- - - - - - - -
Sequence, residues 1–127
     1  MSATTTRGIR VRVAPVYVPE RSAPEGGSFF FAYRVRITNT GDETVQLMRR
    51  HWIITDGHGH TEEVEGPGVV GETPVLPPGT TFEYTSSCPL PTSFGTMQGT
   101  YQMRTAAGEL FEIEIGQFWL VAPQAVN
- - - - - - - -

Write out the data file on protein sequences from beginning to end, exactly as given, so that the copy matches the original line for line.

Sequence, residues 1–127
     1  MSATTTRGIR VRVAPVYVPE RSAPEGGSFF FAYRVRITNT GDETVQLMRR
    51  HWIITDGHGH TEEVEGPGVV GETPVLPPGT TFEYTSSCPL PTSFGTMQGT
   101  YQMRTAAGEL FEIEIGQFWL VAPQAVN